Officials cleaning out Powell Valley karst sinkhole

Stephen Igo • Dec 3, 2007 at 12:00 AM

BIG STONE GAP — Pointing to a spot about halfway down a steep, deep natural depression in the earth, Joe Branham said what looked like an earthy ledge was anything but.

“You can’t tell it from up here with the dirt and all on it, but that’s a car right there,” Branham said. “In fact, we’ve found what’s left of at least three cars down in there.”

The consensus for the one hidden hulk was a ’54 Chevy, practically buried in a karst sinkhole on a Wise County farm along with all sorts of other junk tossed in over the decades.

A karst sinkhole refers to the collapse of a portion of limestone caverns under the surface of the earth, basically a big natural drain. Karst sinkholes are common across the region and, sadly, some have been used as handy dump sites.

Groundwater pollution just wasn’t a big concern once upon a time. It is these days, which is why Wise County Litter Control Officer Greg Cross tackled the job of cleaning out the sinkhole located in the Powell Valley.

“The problem with karst sinkholes like this, all the water in this valley we’re in flows down here. That sinkhole we’re looking down into drains into the water table for Big Stone Gap, and that’s a concern,” Cross said.

With a work detail made up of inmates from the regional jail in Duffield, a smattering of county parolees working off fines, and a helping hand from litter control officers in Dickenson, Buchanan and Russell counties and the Lonesome Pine Soil & Water Conservation District, Cross & Co. were getting a good start early Friday cleaning up the site.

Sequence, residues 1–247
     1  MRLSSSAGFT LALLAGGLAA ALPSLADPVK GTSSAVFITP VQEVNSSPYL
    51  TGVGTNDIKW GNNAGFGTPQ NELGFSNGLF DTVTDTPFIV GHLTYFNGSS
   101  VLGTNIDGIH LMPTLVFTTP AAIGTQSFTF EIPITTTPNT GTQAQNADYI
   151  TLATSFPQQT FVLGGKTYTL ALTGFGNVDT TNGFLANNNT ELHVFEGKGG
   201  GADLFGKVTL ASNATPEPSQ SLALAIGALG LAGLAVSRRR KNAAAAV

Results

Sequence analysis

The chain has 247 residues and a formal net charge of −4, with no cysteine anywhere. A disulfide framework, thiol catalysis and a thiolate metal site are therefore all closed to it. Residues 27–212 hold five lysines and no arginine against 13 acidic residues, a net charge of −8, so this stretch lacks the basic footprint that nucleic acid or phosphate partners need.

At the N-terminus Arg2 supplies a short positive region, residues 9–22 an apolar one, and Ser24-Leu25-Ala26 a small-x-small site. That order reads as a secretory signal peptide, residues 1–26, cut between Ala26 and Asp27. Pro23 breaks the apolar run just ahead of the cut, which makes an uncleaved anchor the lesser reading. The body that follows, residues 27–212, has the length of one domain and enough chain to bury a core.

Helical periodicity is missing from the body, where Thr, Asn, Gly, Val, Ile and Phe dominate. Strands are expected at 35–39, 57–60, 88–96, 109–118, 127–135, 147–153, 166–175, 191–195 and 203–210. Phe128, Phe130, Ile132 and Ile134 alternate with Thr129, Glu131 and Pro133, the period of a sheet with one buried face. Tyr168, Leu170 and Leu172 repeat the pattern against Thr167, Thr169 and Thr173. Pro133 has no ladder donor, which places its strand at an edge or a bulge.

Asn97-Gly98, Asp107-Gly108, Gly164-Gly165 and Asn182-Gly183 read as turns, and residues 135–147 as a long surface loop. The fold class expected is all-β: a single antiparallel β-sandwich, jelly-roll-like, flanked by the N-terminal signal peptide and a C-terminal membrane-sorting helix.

Before 10 a.m., the crew had already dredged up a growing pile of old automobile fuel tanks and a stack of 50-gallon drums.

“Bunches of tires. Car seats. Plastics. Stoves. Bedsprings. Yep. Even kitchen drains. Whole cars. Parts of cars. Why, I reckon there’s just a bit of everything down in there,” said Fred Mooney of Dickenson County. “I bet it went in a lot easier than it’s coming out, too.”

Several months ago, a judge assigned Gary Carico of Wise to work off some fines in the employ of Cross. He worked off his fines weeks ago but liked the task so much, he won’t leave.

“If I had an opening, I’d hire Gary in a heartbeat,” Cross said.

“Why, helping clean up places like this keeps me out of trouble. Now I just stay with ’em and lend a hand cleaning up the county,” Carico said.

“I like the crew. I like the people, and we’re out here making a difference. Used to be, I was the type to throw a beer bottle or whatever out the window and think nothing of it. These days it makes me mad to see other people do it. I used to not care, but now I believe in it. If this is some good I can do for my people and my county, why, I’m glad of it.”

Dickenson County Litter Control Officer Lester Turner said neighbors help neighbors clean up their neighborhoods, which is why he and officers from other counties were on hand at the Powell Valley site on Friday.

“Greg comes and helps us when we need it, and we come down and help him clean up some. It’s only fair,” Turner said.

Cross said regional cooperation just makes sense.

“By ourselves, we’ve got limited resources. Together, we can get a lot done and make a difference,” Cross said. “And I’m real happy about local businesses giving us their support. Hard Rock Contractors (in Wise) let us have the backhoe for this job. Pizza King (in Big Stone Gap) and Pepsi Cola (in Norton) are feeding the crew. And the Wise County Sheriff’s Department loaned us their four-wheel drive mule. It just makes us feel good to get support like that.”

Cross wasn’t sure if the Powell Valley sinkhole could get cleared out in a day, but said that was the goal.

“I don’t know how far down this thing goes,” he said, “but we’ll work down until there’s nothing left to haul out.”

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